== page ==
One of the goals of Castellani’s study is to see how physical activity and movement outdoors affects frostbite risk.

“When we think about the military or other people going out and doing things, you start to move and then you get an increase in blood flow to these different regions,” he said. “Well, that’s definitely going to change your risk.”

In Alaska, for example, there aren’t any specific rules that say “no, we can’t go out today,”  Castellani said. Instead they leave it up to the whim of commanders and leadership to make those decisions, he said. The purpose of their study is to develop more refined guidance that considers the risks of training, operating and just being outside in very cold temperatures. 

In Alaska, every soldier completes an annual training program referred to as the “Cold Weather Indoctrination Course” which consists of classroom and field instruction on “common core cold weather tasks.” The training is designed to familiarize soldiers with the terrain, weather, uniforms, and equipment for extreme cold weather and high altitude environments, according to Maj. Taylor Lee, commandant for the Northern Warfare Training Center.

During the program, they also focus on risk management with blocks of instructions for unit leaders based on various environmental conditions and temperature zones. The five temp zones when assessing and making decisions to mitigate cold weather risk are: 

-Temp Zone 1: 39 to 20 Degrees (Wet Cold)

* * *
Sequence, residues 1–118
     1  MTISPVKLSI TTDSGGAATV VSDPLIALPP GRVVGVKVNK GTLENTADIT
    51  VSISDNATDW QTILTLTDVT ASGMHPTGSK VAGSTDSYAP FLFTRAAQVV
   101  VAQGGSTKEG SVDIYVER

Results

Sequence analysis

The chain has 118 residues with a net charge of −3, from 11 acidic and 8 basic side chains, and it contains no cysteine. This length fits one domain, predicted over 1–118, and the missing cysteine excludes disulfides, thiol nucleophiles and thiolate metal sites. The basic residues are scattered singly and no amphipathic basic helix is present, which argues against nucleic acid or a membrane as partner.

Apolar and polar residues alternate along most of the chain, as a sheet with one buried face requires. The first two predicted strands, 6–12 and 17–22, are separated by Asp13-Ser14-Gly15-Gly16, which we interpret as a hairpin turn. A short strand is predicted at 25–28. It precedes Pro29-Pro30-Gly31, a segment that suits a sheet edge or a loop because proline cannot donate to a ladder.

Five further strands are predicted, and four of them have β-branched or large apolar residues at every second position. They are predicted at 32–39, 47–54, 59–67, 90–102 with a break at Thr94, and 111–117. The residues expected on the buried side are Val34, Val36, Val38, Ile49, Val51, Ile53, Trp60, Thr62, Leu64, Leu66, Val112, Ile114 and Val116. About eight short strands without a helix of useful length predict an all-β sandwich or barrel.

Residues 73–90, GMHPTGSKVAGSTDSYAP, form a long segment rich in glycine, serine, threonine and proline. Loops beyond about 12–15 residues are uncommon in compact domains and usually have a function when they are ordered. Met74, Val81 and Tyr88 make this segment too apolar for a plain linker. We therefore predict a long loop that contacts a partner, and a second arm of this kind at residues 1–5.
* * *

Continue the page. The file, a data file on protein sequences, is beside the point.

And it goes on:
-Temp Zone 2: 19 to -4 Degrees (Dry Cold)

-Temp Zone 3: -5 to -25 Degrees (Intense Cold) 

-Temp Zone 4: -25 to -40 Degrees (Extreme Cold)

-Temp Zone 5: -40 degrees and colder (Hazardous Cold)  

Each zone has required and recommended actions for personal equipment (uniform configuration), pre-requisite training requirements, nutrition, and shelter and heat requirements. It also includes control measures like the frequency that buddy/medic checks must be conducted for cold weather injuries to the type operations that can/should be conducted. 

“Everything we’re doing is trying to prevent the injury from occurring in the first place through scientifically valid guidance that you can use to help figure out what you should or shouldn’t do or at least know what the risks are so then you can have the right controls in place,” Castellani said.

For example, with the current chart, 15 degrees fahrenheit and 15 mph winds has a windchill temperature around zero degrees fahrenheit which has a relatively moderate risk of frostbite with around 30 minutes of risk, he said. 

“We expect the wind chill to be shifted to the right. You’re at a relatively lower risk if you’re exercising. That’s what we expect,” he said.

As temperatures drop, cold injuries and cold-related injuries historically rise, including hypothermia, frostbite, trench foot, carbon monoxide poisoning, snow blindness, sunburn, altitude sickness and muscle strains.

With the study, researchers are looking to pinpoint more susceptible areas on the body for frostbite like the nose, ears and fingers. They’re also going to study how frostbite risk differs between males and females because of factors like body composition and skin thickness. 

“The peripheral cold injury rate for female soldiers is two times higher than the rate for males,” according to the Army’s cold weather manual.